Not My Money, Not My Problem Says Latest Senate Bill
The following content is sponsored by the Electronic Payments Coalition.
About 196 million Americans hold at least one credit card. They’re easy to use and often include fraud protection and rewards programs. It makes sense why millions of Americans choose this form of payment, especially when fraud is so common.
Black-hat hackers are on the rise and are a part of criminal operations around the globe. Every year, hundreds of millions of individuals are affected by data breaches, often due to retailer negligence. In the last five years alone, fraud losses have more than doubled. In 2022, $12 billion was lost to fraud in the United States.
Yet some Senators in Washington, DC, think now is the time to cut back on payment security. A new bill being pushed by Sen. Durbin (D-IL) will cut banks and credit unions’ ability to offer the latest in anti-fraud technology to their customers. The bill is being pushed by megaretailers like Target and Walmart, who would rather not invest in secure payment options.
It’s up to retailers what type of payments to accept. Most choose to accept credit cards because it is a lot easier to handle than cash and less risky than something like a check. Today, if you pay for something at a store that accepts your brand of credit card, the retailer has to use the routing network of whatever card you give them. So, if you picked out a Mastercard or Visa card because of its security guarantees and perks, you know that your financial information is being safely routed over their network with their 21st century technology.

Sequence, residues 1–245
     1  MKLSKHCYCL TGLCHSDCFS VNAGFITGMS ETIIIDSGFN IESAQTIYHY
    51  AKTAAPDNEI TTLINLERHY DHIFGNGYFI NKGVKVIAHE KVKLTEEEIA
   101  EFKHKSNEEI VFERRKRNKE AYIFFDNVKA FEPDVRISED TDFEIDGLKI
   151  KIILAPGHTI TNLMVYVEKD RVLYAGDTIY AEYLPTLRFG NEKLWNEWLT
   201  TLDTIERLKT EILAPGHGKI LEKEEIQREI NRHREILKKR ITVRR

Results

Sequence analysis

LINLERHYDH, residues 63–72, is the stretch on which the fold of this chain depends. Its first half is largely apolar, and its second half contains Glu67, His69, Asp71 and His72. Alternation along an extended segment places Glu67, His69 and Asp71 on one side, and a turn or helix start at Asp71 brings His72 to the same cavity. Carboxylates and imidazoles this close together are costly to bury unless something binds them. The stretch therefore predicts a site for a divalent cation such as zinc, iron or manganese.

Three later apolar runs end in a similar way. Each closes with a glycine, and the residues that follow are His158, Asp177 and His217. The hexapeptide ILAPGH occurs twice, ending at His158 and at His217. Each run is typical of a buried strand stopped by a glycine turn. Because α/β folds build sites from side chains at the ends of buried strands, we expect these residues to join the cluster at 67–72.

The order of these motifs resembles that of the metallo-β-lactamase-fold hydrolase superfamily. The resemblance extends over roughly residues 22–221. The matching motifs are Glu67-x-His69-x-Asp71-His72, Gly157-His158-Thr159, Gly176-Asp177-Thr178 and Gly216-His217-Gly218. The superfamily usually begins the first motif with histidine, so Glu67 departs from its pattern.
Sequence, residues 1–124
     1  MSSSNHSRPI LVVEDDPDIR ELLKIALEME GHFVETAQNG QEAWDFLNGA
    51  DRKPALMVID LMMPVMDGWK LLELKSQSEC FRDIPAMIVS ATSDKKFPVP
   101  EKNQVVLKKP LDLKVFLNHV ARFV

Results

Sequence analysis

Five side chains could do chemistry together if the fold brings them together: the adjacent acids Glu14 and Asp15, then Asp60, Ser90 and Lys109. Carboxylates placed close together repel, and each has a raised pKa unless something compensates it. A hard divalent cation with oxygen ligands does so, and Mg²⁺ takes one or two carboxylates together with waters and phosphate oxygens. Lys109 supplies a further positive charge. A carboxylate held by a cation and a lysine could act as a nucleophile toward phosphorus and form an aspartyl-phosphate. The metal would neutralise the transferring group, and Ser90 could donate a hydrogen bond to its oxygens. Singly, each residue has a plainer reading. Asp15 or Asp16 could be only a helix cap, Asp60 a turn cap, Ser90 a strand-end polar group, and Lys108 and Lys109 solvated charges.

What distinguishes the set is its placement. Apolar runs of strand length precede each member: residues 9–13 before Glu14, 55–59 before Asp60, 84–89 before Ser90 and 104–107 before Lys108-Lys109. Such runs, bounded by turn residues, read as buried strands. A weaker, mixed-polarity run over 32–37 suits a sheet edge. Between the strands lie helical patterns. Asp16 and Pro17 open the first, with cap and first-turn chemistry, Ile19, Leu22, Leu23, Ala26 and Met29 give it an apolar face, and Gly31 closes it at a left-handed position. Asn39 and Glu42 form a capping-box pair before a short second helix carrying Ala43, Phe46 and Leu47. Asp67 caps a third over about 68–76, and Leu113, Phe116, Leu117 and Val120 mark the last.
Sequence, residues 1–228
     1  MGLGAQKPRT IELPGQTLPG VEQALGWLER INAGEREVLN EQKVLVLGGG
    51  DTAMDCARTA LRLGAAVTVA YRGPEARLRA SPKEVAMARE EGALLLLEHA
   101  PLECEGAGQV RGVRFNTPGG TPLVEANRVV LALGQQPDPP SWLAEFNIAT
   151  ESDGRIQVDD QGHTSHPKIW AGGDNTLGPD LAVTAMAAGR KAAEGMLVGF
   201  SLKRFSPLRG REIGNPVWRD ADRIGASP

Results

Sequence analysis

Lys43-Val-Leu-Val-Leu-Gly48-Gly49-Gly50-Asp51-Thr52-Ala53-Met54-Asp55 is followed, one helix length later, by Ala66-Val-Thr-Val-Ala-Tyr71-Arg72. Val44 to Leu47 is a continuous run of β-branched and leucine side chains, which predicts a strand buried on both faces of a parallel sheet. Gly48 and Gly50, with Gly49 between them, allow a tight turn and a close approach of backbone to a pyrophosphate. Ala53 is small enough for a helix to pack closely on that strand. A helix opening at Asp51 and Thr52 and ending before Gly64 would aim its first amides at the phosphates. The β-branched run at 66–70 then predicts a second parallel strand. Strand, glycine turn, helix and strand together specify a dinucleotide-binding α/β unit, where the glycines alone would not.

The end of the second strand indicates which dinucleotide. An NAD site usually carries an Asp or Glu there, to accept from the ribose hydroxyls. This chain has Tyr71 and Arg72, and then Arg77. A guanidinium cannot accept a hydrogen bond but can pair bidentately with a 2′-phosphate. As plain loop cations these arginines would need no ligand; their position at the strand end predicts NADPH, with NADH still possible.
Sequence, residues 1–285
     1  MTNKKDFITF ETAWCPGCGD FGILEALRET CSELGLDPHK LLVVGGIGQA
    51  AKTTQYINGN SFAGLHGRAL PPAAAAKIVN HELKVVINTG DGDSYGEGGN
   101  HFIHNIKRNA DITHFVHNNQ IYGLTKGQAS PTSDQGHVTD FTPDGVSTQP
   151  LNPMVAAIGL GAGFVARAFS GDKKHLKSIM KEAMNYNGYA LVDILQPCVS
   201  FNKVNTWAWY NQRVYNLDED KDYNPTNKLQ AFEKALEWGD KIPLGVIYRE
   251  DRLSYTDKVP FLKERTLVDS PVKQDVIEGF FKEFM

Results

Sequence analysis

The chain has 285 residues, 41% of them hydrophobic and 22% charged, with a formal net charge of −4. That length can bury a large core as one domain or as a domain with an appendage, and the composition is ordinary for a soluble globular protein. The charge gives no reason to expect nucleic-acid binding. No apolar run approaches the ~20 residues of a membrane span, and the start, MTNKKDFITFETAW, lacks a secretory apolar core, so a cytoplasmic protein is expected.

This new bill on the table will destroy that security. If it moves forward, retailers will be able to ignore your preferred network and instead pick an alternative network of their choice. It’ll be cheaper but also lead to an increase in fraud and a headache for all involved.
We’ve been down this road before with debit cards. In 2010, as part of the massive Dodd-Frank legislation, Sen. Durbin included a last-minute amendment that upended the debit card market. Called the “Durbin Amendment,” the new law imposed similar routing mandates on debit cards. This led to a massive increase in the fraud rate for debit cards. It increased by nearly 60 percent in the following years! If these similar routing mandates move forward on credit cards, it is estimated it would cost over six billion in additional fraud.
An increase in fraud won’t be the only cost. The law will also force every single bank across the United States to re-issue all credit cards so that there is a second payment network connected to the credit card. Can you imagine the logistical nightmare that would entail? Small banks and local credit unions are already strained in some towns. The employee hours and money required to implement something of this scale will take away resources that could be better spent on providing banking services that small businesses and consumers rely on.
Make sure your elected officials know that this bill threatens your ability to make secure, safe payments. It’s simply a handout to Walmart and Target and puts you at greater risk of fraud.